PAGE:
The Design Criticism Department (D-CRIT) at the School of Visual Arts will be hosting the “Playful Experimentation and Criticism” lecture featuring Michael Meredith, co-principal and co-founder of MOS. With MOS being an architectural practice that was born out of playful experimentation, what does being experimental mean and how is this related to criticism? Therefore, Meredith will be talking about critical theory through his experience as an editor, critic, and educator and how this has shaped the way he sees the world of architecture and design. The lecture takes place April 10th and is free and open to the public. For more information, please visit here.
Hilary Sample and Michael Meredith present the proposal by MOS. The project questions the idea of homeownership and re-imagines public housing in The Oranges, New Jersey. MOS is one of five interdisciplinary teams participating in “MoMA’s Foreclosed: Rehousing the American Dream.” Each team is challenged to re-imagine struggling American cities and suburbs, seeing the current economic crisis as an opportunity to evolve.
This weekend, we had the opportunity to attend the Open Studio event at MoMA’s PS1. As we mentioned earlier, this project posed the daunting question of how to re-think, re-organize and re-energize the concept of an American suburb in the wake of the foreclosure crisis. As MoMA’s Philip Johnson Chief Curator of Architecture and Design, Barry Bergdoll explains, “Projects will aim to challenge cultural assumptions concerning home ownership and associated settlement patterns, such as suburban sprawl, and assist the public in contemplating a potentially different future for housing and cities. The workshop and exhibition are premised on reframing the current crisis as an opportunity, an approach that is in keeping with the fundamental American ethos where challenging circumstances engender innovation and out-of-the-box thinking. It is our hope that new paradigms of architecture and regional and transportation planning become the silver lining in the crisis of home ownership.” The five multidisciplinary teams chose five different American suburbs to explore, and this Saturday, we jumped from Oregon to Florida, to Illinois, to California and New Jersey, to observe their five quite different solutions. Check out our preview of the teams’ work-in-progress projects which will be exhibited at the MoMA this February.
A few months ago we presented you the winning entry for this years YAP competition for the P.S.1 summer installation, awarded to MOS Architects (Michael Meredith, Hilary Sample) as we reported earlier.
This competition has been a field for experimentation on digital manufacturing, new materials and new construction techniques -all under a tight budget-, as we saw in 2008 with the P.F.1 by WORKac.
To keep the courtyard fresh, a series of “hut” like structures conformed by inverted catenaries (part of an on going research by the practice) acting as chimneys: The faux fur that covers them collects heat from the sun, transfering it to the air inside the huts creating a chimney effect that keeps air flowing to cool the lower level.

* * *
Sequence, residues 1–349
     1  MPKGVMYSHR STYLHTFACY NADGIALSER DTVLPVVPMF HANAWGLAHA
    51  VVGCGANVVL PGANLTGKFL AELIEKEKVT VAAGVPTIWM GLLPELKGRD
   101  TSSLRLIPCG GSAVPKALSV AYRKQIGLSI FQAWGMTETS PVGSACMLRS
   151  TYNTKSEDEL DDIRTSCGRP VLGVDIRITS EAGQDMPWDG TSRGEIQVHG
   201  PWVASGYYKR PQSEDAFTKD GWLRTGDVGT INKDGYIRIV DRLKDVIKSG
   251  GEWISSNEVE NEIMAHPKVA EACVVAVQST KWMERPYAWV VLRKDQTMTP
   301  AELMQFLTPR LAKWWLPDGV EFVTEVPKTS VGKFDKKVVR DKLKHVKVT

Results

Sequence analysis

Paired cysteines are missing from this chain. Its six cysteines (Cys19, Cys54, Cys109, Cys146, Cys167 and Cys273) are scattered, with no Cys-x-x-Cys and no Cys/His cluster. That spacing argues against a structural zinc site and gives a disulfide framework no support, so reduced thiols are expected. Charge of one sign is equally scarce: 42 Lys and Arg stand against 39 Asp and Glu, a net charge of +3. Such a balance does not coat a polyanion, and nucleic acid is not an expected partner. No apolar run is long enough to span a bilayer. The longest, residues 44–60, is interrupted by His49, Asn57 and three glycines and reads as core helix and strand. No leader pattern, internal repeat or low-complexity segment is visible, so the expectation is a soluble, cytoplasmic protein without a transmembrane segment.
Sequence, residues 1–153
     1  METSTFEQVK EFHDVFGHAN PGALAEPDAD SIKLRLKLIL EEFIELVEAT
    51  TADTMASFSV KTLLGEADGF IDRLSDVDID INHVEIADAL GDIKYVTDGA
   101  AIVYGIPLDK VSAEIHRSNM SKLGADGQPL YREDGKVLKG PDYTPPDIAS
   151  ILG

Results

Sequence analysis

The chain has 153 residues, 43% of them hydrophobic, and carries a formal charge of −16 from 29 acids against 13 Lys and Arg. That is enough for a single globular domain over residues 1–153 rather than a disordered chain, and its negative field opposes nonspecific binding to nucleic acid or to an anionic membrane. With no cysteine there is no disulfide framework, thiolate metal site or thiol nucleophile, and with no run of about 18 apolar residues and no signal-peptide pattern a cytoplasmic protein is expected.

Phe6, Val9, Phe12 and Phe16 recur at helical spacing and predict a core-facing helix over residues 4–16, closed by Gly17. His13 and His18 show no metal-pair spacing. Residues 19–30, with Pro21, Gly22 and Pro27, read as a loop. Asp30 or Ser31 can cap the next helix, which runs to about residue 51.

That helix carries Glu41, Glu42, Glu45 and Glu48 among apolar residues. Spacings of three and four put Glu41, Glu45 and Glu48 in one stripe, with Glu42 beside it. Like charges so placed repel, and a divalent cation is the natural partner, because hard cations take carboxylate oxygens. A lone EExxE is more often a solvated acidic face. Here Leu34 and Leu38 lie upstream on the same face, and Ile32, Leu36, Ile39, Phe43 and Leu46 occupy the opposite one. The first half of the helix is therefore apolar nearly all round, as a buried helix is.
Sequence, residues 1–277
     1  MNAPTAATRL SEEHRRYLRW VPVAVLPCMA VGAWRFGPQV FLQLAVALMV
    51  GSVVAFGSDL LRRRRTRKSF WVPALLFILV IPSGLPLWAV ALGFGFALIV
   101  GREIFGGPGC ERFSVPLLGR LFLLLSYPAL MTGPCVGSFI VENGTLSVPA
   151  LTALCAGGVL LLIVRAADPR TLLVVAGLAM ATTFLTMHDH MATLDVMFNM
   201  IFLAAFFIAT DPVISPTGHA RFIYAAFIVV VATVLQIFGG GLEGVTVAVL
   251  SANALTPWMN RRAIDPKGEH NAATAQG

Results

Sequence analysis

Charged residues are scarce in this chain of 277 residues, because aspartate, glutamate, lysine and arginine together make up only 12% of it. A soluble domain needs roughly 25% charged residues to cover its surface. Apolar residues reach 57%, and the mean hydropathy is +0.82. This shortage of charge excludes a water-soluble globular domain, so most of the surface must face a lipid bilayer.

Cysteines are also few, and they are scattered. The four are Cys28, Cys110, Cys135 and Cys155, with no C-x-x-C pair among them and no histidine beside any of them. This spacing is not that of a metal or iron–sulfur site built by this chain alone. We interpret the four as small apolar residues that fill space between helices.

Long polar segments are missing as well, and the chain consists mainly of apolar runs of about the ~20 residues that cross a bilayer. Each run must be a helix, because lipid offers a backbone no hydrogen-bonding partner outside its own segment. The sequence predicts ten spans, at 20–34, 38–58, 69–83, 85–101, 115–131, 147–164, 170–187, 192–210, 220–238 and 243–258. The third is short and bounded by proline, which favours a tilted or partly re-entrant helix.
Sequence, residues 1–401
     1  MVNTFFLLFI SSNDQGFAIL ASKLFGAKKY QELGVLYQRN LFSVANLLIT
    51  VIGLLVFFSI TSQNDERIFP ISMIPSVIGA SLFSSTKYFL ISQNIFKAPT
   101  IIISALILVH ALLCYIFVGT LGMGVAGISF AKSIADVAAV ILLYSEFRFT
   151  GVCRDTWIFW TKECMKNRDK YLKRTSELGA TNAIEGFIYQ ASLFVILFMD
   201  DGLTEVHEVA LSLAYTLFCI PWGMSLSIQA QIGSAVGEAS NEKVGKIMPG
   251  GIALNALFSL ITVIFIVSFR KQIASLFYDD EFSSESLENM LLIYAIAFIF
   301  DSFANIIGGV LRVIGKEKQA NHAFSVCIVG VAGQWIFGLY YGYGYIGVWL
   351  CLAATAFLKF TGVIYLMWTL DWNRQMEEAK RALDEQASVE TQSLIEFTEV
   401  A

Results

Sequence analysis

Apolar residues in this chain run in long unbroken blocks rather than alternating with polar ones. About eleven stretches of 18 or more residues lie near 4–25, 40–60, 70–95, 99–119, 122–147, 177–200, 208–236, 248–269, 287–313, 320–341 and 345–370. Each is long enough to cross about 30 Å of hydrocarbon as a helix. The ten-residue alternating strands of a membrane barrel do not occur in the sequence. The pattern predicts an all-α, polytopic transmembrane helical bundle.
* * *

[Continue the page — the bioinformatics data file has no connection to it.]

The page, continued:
The resulting space corresponds to the after-party concept envisioned by MOS:
The main purpose of the afterparty is to provide a relaxing environment, as compared to the earlier venue, where the atmosphere is usually more frenetic. During an afterparty people often sit down, relax, and chat freely, meet new people in a more controlled setting. If the original party was one that continued until late at night, the afterparty will often include a morning snack, which usually counts as breakfast. …. Possibly in contrast to relaxation, the afterparty can provide a chance for people to get away from the eyes of people who were overseeing the main party. This tends to be more common in events such as school balls where alcohol consumption is not allowed, and provides a location where the partygoers will be allowed to drink. In this case, the afterparty may turn out to be more lively than the main party, as the people are freed from the restrictions that were placed on them during the main party.
All photos by Florian Holzherr. See more after the break:
MOS project is entitled Afterparty, a design that Micheal Meredith and Hilary Sample (MOS partners) say is meant to honor and reflect current economic realities, by using basic materials. The main structure is a lightweight aluminum frame using recyclable parts which require minimal assembly, which will become a landmark for the neigborhood – all this on a USD$70,000 budget.
I spoke with Michael a few minutes ago and he refered to the name of the project: One thing about the “Afterparty,” as we’re calling it, is the need to look for new promiscuities after the party of a sort of high-formalism which has dominated academic discourse, and in our case it’s with the basic structural arch geometries, rough almost singular materiality and the production and interaction of “environment,” (literally cooling down the courtyard through stack effect) looking towards a more primitive state of architecture. – (See afterparty definition on Wikipedia).
The project is still under development, and we´ll keep you posted on further updates. We´ll try to do a good coverage on this as we did last year.
More images of Afterparty after the break.
This villa is located in plot ORDOS project.
Architects: MOS – Michael Meredith, Hilary Sample Location: Ordos, Inner Mongolia, China Design team: Lasha Brown, James Tate, Lorenzo Marasso, Heather Bizon, Shu- Chang, Vivian Chin (translation) Structural Engineering: Simpson Gumpertz & Heger- Paul Kassabian Design year: 2008 Construction year: 2009 Curator: Ai Weiwei, Beijing, China Client: Jiang Yuan Water Engineering Ltd, Inner Mongolia, China Constructed Area: 1,000 sqm aprox Images: MOS